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GAAMAC partner at the University of Oxford publishes report on health security after COVID-19

12 Nov 2021 1:53

The Oxford Institute for Ethics, Law and Armed Conflict is a partner of GAAMAC. As part of its research project on Public Health and National Security after COVID-19, it has published a report entitled “Rethinking Health Security after COVID-19”.

The COVID-19 pandemic has posed major challenges to existing systems of global health governance. Even countries considered leaders in health preparedness, notably the US and the UK, struggled to contain COVID-19 domestically and were unable to mount an effective international response. As a result, the world suffered over 4.4 million deaths and an estimated 4.4 per cent decline in global GDP in 2020 alone – the deepest global recession since the end of World War II. The economic and health impacts of the pandemic have, meanwhile, fallen disproportionately on the world’s most disadvantaged and vulnerable populations.

COVID-19 has therefore laid bare deep fissures in the current global health architecture and highlighted the need for urgent reform. One proposal for reducing the risk of future pandemics is to elevate public health as a national security priority. For decades, policymakers and experts have argued that the concept of national security should extend beyond state-centric, militaryfocused threats, to include infectious diseases and climate change. Accordingly, the US and UK governments, both erstwhile leaders in global health and biological preparedness, have committed to promoting health security as a framework for mitigating the threat of future pandemics. A health security approach, it has been argued, will increase attention, resources, and institutional capacity for dealing with health crises.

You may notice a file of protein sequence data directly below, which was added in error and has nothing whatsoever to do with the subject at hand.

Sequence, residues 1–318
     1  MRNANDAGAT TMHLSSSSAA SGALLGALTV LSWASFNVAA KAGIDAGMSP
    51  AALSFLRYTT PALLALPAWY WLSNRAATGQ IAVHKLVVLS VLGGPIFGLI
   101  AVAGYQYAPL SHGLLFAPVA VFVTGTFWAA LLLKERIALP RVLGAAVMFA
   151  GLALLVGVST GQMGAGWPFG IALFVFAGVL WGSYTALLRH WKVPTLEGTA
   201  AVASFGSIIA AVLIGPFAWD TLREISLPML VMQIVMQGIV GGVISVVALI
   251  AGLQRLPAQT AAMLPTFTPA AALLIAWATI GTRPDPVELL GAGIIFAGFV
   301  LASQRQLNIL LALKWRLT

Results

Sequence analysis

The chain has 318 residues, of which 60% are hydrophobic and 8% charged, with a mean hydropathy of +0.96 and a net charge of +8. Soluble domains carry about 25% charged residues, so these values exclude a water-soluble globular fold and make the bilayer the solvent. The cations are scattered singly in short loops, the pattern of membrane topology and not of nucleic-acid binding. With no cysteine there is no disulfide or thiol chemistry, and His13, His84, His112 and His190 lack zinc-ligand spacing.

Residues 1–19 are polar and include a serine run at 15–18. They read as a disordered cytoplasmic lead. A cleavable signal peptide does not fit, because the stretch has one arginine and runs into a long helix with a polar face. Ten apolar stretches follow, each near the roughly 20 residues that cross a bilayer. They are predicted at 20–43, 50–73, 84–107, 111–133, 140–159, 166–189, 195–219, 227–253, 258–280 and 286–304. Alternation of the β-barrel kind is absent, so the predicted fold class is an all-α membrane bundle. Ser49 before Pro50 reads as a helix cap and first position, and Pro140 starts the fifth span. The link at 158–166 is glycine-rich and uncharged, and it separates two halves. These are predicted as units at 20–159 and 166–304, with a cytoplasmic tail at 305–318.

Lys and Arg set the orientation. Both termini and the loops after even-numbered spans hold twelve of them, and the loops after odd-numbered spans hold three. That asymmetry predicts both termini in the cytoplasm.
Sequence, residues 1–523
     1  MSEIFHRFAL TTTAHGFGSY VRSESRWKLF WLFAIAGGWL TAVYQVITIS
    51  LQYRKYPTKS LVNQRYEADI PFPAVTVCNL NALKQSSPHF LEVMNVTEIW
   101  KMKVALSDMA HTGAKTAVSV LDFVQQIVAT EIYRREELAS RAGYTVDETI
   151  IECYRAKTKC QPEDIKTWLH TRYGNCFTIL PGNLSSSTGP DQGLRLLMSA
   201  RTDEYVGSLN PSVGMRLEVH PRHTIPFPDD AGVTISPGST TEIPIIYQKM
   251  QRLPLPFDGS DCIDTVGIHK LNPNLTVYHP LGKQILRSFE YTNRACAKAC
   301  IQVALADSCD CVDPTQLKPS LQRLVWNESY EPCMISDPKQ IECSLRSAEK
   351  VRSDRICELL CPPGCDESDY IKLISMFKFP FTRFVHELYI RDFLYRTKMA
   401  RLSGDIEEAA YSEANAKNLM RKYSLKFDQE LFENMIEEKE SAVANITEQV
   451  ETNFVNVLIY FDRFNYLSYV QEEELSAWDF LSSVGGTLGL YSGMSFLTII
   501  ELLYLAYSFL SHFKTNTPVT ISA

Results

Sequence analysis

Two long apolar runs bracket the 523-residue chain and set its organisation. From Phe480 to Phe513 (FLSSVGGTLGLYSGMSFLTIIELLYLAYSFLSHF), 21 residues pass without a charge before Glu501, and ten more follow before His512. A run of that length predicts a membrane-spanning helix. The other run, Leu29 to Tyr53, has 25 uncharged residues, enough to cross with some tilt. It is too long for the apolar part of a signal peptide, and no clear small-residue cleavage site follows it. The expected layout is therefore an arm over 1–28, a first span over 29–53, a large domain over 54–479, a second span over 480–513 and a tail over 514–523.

Yet the reflexive tendency to frame health risks in security terms has precluded serious examination of the assumptions and trade-offs underlying the health security paradigm. In this report, GAAMAC partner ELAC contends that, while the security implications of pandemics are clear, the concept of health security distracts attention from the underlying determinants of health that exacerbate the effects of severe disease outbreaks and disproportionately affect the most vulnerable. Rather than adopting a securitised approach to infectious disease, COVID-19 should prompt world governments to focus on the wider determinants of health – such as universal health coverage and access to quality health care, among other health-related UN Sustainable Development Goals – as a way to ameliorate the impact of pandemics and other crises. The report challenges the following assumptions that undergird health security and proposes recommendations for an alternative approach.

Read the report "Rethinking Health Security after COVID-19"